Music: TV on the Radio

TV on the Radio's third album, Dear Science, is flecked with Obama-esque hope.

By Juba Kalamka Jul 16, 2009

TV on the Radio
Dear Science

A cursory listen to the singles from TV on the Radio’s third full-length album (and second for major label juggernaut Interscope) might lead one to believe that the band had finally accepted the message sent by executives and A&R reps—huge critical successes are great, but they don’t translate into units sold. And that eventually becomes an issue for the biggest players in an industry faced with a decade-long sales slump due in large part to huge leaps in consumer access to lightning-fast developments in recording and distribution technologies.

A more accurate take would be that TV on the Radio is meta-narrating the ascent of their career, making both literal and abstract commentary on the dynamics of attempting to innovate in the context of an industry desperate for the next “big thing,” yet completely terrified of blowing apart the mechanism that’s long guaranteed a return from a product appealing to the lowest common denominator.

If the dark, lush production of 2006’s Return to Cookie Mountain shined the band’s trademark walls of sound to a gloss that reflected and refracted the frustration, anger and darkness of the period onto itself, Dear Science would alternatively be flecked with Obama-esque hope. It’s not exactly deliverance from the Bush administration quagmire of nihilistic cynicism, but it is a cheeky, Parliament-Funkadelic-styled admonition to dance our way out of our constrictions, or at least through the end of the mortgage crisis and into a workable bankruptcy.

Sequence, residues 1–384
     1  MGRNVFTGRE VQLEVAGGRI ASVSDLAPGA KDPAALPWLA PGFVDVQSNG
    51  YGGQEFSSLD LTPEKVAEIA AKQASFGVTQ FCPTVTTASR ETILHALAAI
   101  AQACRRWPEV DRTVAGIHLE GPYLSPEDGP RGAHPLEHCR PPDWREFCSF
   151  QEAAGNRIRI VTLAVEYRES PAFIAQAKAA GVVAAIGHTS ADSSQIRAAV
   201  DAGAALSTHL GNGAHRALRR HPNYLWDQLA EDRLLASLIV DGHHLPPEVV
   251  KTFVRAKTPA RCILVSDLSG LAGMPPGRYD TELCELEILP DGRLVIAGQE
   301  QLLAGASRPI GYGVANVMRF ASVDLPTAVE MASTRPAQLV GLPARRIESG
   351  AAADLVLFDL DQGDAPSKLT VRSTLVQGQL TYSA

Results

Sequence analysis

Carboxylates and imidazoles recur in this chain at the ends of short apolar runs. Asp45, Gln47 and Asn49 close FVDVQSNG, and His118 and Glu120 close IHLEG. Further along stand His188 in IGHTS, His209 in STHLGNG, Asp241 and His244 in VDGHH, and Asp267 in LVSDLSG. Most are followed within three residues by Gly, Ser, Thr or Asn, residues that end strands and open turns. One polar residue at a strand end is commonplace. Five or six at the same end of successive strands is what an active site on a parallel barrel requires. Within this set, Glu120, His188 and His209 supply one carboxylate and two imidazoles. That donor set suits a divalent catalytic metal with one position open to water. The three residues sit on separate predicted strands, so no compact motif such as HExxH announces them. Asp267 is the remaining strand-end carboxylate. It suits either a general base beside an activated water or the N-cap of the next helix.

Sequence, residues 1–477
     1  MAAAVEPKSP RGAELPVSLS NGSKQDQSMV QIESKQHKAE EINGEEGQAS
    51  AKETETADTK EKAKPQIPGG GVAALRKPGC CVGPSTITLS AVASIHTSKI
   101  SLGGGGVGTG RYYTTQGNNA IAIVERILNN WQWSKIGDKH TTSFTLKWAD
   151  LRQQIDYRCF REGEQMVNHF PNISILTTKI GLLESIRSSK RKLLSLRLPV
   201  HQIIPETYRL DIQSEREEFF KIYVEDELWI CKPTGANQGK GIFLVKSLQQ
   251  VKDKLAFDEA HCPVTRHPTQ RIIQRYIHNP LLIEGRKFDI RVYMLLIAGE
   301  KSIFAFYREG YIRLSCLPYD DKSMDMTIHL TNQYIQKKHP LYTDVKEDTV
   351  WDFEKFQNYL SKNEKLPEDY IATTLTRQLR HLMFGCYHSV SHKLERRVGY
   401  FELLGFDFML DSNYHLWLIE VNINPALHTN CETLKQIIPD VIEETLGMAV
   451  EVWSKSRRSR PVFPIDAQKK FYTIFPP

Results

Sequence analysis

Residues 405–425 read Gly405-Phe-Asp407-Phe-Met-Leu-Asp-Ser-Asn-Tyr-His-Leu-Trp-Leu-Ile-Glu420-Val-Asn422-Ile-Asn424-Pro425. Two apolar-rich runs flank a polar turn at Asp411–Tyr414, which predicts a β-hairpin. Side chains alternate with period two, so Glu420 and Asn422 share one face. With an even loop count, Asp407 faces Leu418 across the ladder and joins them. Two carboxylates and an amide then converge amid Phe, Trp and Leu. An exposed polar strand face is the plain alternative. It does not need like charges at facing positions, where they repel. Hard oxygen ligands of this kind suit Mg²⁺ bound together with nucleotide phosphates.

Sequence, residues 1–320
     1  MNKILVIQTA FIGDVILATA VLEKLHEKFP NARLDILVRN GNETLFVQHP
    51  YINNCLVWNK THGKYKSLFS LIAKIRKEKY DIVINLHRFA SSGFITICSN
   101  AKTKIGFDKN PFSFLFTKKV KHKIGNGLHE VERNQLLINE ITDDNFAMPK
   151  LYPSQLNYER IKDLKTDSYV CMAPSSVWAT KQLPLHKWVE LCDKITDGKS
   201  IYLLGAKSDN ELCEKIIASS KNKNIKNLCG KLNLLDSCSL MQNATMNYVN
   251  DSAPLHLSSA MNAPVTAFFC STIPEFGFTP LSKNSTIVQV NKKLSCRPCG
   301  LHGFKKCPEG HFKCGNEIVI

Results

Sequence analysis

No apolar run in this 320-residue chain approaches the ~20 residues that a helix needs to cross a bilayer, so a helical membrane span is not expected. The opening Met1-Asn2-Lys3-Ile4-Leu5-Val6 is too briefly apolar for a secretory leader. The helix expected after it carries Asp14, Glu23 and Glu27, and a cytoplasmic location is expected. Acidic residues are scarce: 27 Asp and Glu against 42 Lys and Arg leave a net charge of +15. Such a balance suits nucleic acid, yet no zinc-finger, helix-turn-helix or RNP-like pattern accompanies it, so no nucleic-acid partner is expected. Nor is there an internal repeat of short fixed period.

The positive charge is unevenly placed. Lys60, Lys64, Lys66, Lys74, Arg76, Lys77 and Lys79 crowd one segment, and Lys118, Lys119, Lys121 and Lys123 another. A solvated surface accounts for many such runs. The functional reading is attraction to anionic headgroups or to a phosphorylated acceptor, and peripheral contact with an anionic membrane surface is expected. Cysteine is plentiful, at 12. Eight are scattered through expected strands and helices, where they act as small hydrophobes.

The project is more linear and bright overall, with vocalist/guitarist Kyp Malone trading in his blistering air raid siren-inspired riffs for more rhythmic leads. Still, producer/guitarist David Sitek has somehow managed to maintain a kind of hulking density, adding even more layers of samples and horn charts to the tracks and highlighting bassist/keyboardist Gerard Smith’s experimentation with alternating toy piano and distorted synth programmings.

The overall result is controlled and symphonic, with Cookie’s cacophony leaking through in the necessary moments. The band flips through a litany of late 1970s and ’80s punk and new wave influences as well, opening with the Ramones-inspired “Halfway Home.” Aside from the surprisingly one-note Palestine/Israel conflict commentary of “Crying,” lead singer Tunde Adebimpe’s lyricism is as deft as ever, from biting criticism of the mainstream media (“Dancing Choose”) to the crescendoing and impossibly optimistic “Golden Age” to the darkly moving, breakbeat-driven Dubya indictment “DLZ.”

Juba Kalamka is a founding member of the queer hip-hop group Deep Dickollective and creator of the label Sugartruck Recordings.
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